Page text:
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4 minute read

How to Give Constructive Feedback in the Workplace

Senior employees must give feedback to keep the business operating at a high standard. However, delivering this message constructively is essential to everyone’s success.

If you are a manager or colleague that has the company’s and individual’s best interests at heart, you would be proactive in providing helpful feedback. However, many people may not know the ideal way to do so, turning a potentially positive encounter into a negative one. So, how can you ensure your feedback is constructive rather than damaging?

By delivering actionable advice, keeping things respectful and providing ongoing support, you can help elevate standards across your workplace to create improved business outcomes. Here, we highlight a selection of helpful techniques to ensure your constructive feedback is presented and received with the right intent.

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1. Emphasise on the outcome

Constructive criticism doesn’t have to negatively affect the recipient. Ideally, your feedback will provide the individual with information that changes their behaviour for the better while aiding their professional journey. Remember, the person might not even know they’re making a mistake, so it’s crucial to approach the issue with sensitivity and empathy.

Focusing on an individual’s faults is easy, but this feedback might not have the intended impact. Instead, highlight how a behaviour change can present a learning opportunity that takes someone’s work to the next level. If the person understands how your feedback enhances their performance, they’re far more likely to take your recommendation on board.

2. Stay situation-focused

There’s little point in providing feedback that only attacks someone’s behaviour, as this can leave them feeling anxious and embarrassed about their performance. Remain focused on the problem by clearly explaining the situation and how the individual’s conduct has an undesirable impact on the business or others.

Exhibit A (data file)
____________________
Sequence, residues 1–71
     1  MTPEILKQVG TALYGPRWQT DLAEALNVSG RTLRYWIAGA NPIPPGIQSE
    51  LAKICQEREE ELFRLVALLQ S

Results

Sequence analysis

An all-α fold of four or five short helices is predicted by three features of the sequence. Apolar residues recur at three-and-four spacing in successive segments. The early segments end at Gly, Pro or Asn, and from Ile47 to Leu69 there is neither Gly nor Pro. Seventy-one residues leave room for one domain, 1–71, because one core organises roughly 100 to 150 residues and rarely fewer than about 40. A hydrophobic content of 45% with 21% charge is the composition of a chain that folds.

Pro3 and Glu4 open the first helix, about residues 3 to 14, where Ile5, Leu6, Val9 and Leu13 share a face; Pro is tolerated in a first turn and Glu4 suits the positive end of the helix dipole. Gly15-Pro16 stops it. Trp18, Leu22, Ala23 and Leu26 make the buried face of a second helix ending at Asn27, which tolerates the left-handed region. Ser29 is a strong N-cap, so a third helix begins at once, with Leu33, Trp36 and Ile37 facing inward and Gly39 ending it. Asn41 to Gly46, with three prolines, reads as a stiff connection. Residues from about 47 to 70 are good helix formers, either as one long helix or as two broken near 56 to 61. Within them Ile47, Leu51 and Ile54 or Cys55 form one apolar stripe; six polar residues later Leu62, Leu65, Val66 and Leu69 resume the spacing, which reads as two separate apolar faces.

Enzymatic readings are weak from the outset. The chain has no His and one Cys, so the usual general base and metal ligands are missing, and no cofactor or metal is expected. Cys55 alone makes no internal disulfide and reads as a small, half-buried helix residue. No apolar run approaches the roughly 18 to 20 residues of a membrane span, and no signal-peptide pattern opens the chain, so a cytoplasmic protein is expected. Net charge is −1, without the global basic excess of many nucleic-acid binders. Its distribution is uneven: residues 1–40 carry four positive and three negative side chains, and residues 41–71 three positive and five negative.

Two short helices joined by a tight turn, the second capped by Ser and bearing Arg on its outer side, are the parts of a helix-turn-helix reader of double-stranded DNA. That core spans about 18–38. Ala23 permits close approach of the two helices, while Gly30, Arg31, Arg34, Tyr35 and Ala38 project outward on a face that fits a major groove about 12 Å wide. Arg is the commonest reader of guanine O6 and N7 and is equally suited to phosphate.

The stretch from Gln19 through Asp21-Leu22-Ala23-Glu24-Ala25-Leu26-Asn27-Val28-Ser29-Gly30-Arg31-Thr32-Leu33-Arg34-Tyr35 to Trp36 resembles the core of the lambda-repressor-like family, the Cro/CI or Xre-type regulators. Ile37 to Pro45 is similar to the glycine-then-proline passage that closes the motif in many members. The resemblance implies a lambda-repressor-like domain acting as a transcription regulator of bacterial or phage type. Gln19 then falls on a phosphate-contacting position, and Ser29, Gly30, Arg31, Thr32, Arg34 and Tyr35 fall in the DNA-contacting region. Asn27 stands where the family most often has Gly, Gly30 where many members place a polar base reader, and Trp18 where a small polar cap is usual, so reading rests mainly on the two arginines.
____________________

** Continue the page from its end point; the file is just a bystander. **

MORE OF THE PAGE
For example, if other team members have complained that someone is leaving a mess at work, discussing how this issue affects the overall enjoyment of the space – rather than making the problem personal – can highlight the issue without criticising their character. Stay situation-focused to achieve success.

3. Respect goes a long way

Constructive feedback should improve processes and create lasting change. However, this becomes harder if you don’t show respect to employees when communicating an issue. If you want to provide a productive message, always supply someone with an appropriate amount of context to ensure they fully understand your concern.

You also need to provide constructive criticism with the right tone. Even if you’re asking someone to change their behaviour, you don’t have to create undue stress by using an angry or frustrated tone that doesn’t fit the situation. Plus, give the individual a chance to respond and ask questions. That way, you show them that you understand their perspective.

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4. Praise where possible

Even if your conversation with an employee must delve into negative territory, you should highlight some things that someone is getting right. While receiving bad news is understandably daunting, softening your message with positive details can help build someone up rather than tearing them down.

Most times, it’s a good idea to deliver the bad news first. Although some people try to soften their message by praising before criticising, several psychological studies have found that the reverse order improves outcomes. By concluding your feedback session with a positive point or two, everyone leaves feeling more satisfied.

5. Keep it private

Although it’s not a hard and fast rule, the adage “praise in public, criticise in private” rings true for most constructive feedback situations. If you call out someone’s actions in front of their colleagues, this not only leaves the individual feeling embarrassed, but it can also show that you’re a toxic leader.

Share constructive criticism in a semi-formal setting, such as a meeting room or private space. This way, you can have an open conversation without prying eyes and ears, making the situation more awkward than needed. Inform the employee about this meeting ahead of time to avoid surprising them at work.

6. Offer ongoing support

If you want to benefit your organisation long term, you can’t simply criticise someone’s behaviour and leave the rest up to them. As a leader in the business, it’s your job to provide ongoing support that champions change and open communication.

Let them know that they can continue to discuss the issue with you in the future. If someone isn’t sure about a specific task or action, they should feel comfortable coming to you for guidance. Scheduling a follow-up meeting for a laid-back chat is a great way to show you’re invested in their progress.

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